I’d like to tell you about something that happened the other day that I found to be just delightful. Tomorrow I hope to jump back into more overtly spiritual stuff.
I told you about my not-for-profit handyman service for the elderly and infirm, which I am in the process of creating. I’ve also told you about the local community center that I have been working with and volunteering for. One of the motivations for becoming involved with the community center is the expectation that they will be able to connect me with poor people in the area who need help. Everyone at the center has been telling me that the guy I need to talk to is Tim. Tim, they all say, is the one who has his fingers on the pulse in the larger community in terms of who needs what, and how I might be of use. And so the other day I went over to the center at a time when Tim was expected to be there, and I had a lovely conversation with him.
I explained to Tim what I am hoping to do, and we quickly made the arrangement that whenever he runs across someone who needs physical help, he will let me know so that I can assist. He also told me that there’s a group of men who meet monthly to discuss ways they can help in the community. They cut and split firewood for people, and they do other larger services along these lines. These men have pulled themselves together from the various churches in the area, of which there are many. Tim goes to the Methodist church, he told me, and he said that at first the guys there said there was no way they would be able to get along with the Baptists across the street. It has turned out, however, that they get along very well. The service work they’re doing has brought them together and has helped them to work through their differences. Isn’t that great? Of course, from my far away Buddhist perspective it’s hard to imagine that a Methodist and a Baptist would have all that much to disagree about, but around here religion is a big deal, and people see vast gulfs between their beliefs and the way they practice them. I’m hoping to go to one of these men’s meetings before long and tell them what I’m hoping to do, and ask for their assistance.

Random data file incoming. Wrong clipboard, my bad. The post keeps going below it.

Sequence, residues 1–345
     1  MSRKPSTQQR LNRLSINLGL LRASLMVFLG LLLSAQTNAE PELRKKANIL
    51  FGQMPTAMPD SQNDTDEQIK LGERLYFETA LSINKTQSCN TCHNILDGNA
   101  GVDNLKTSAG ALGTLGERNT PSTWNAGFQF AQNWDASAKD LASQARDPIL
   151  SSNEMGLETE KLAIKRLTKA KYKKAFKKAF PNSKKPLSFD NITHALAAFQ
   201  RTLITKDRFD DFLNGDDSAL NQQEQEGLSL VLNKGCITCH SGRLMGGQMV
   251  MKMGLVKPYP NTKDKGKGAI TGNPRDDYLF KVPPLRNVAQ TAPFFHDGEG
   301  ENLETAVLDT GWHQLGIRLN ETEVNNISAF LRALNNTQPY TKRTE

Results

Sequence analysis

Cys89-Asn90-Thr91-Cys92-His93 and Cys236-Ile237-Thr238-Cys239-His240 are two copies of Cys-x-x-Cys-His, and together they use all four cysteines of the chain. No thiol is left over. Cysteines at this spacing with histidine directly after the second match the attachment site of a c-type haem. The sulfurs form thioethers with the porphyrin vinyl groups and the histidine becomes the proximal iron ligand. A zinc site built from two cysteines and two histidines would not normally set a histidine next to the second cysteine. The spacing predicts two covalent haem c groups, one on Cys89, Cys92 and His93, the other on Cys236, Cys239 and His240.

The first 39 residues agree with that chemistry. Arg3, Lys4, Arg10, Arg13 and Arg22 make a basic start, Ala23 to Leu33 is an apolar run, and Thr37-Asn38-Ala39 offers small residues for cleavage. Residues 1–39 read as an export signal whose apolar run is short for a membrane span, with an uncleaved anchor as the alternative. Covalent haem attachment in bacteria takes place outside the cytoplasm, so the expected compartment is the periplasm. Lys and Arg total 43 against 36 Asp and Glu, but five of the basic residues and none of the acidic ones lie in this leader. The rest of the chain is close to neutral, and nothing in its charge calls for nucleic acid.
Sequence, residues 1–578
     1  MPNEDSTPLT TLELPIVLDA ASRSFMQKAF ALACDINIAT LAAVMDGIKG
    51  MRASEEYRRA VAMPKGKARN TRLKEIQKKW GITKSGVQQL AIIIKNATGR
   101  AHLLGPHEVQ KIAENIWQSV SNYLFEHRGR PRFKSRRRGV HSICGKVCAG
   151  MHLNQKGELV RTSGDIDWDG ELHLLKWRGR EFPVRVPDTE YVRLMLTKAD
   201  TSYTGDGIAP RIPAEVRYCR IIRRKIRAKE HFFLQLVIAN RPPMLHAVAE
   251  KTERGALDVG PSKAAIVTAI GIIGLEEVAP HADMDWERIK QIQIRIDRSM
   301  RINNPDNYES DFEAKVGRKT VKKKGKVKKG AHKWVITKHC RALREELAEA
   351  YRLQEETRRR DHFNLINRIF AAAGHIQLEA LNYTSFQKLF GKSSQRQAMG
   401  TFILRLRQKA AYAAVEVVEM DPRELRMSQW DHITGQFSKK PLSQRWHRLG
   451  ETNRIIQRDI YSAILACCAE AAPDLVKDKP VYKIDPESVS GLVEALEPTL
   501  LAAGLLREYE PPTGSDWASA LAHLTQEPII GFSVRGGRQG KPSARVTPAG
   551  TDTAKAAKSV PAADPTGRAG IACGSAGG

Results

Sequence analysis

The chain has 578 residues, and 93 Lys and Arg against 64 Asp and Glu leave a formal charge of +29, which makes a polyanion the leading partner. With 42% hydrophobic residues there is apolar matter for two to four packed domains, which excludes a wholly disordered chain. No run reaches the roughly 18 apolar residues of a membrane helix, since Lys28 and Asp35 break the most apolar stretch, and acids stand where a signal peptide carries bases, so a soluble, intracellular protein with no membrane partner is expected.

Anyway, over the course of the conversation Tim shared with me that he has stage 4 cancer. It’s in remission right now, he said, but it could come back at any time. He’s 67 years old. And there he is, doing the best he can every day to help out the people around him. He delivers food for the community center two days a week, and then it sounds like on the other days he’s out there fixing things for people, taking people to doctor’s appointments, and other things along those lines, much as I hope to do. It moved to me to see that he will likely die before long, that he understands this, and yet this is how he’s choosing to spend his time. People are so good, aren’t they?
The conversation naturally moved towards death in our relationship with death. He said that in his observation just about everybody around him is so scared of death they won’t even talk about it. He’s trying to face it, he said, and come to peace with it. And then a really interesting thing happened. Tim looked around to make sure nobody else was listening, and then he said, “You know, I’ve been reading about Buddhism, and it’s been really helpful. I don’t tell my church friends about this because they wouldn’t understand. Those Buddhists, though, have a much clearer and healthier relationship with death, from what I can see. They understand how to accept death, and they seem to not be afraid of it. I would really encourage you to look into what the Buddhists say. It’s really good and helpful.”
Haha!!! He didn’t know who he was talking to, of course, and I didn’t say anything to enlighten him. I agree wholeheartedly, of course, and I’m doing everything in my power to look deeply into what the Buddha taught, and to practice it as best I can. I just thanked him, and said I would take his advice and check it out for sure.
I left the interaction feeling inspired and grateful. Our public conversation is so focused on people who are doing ugly things; it’s so good and useful to be exposed to to people who are doing beautiful things instead. And there are great many people like this throughout our country and throughout the world, who are trying to make a difference in whatever small way they can. I also felt inspired by the life of the Buddha and the teachings of the Buddha, which have filtered all the way down to this place, to the present day, and even into the mind of a dedicated Methodist here, way out in the country in Western North Carolina. Our practice is a light in the darkness, friends, and I’m grateful.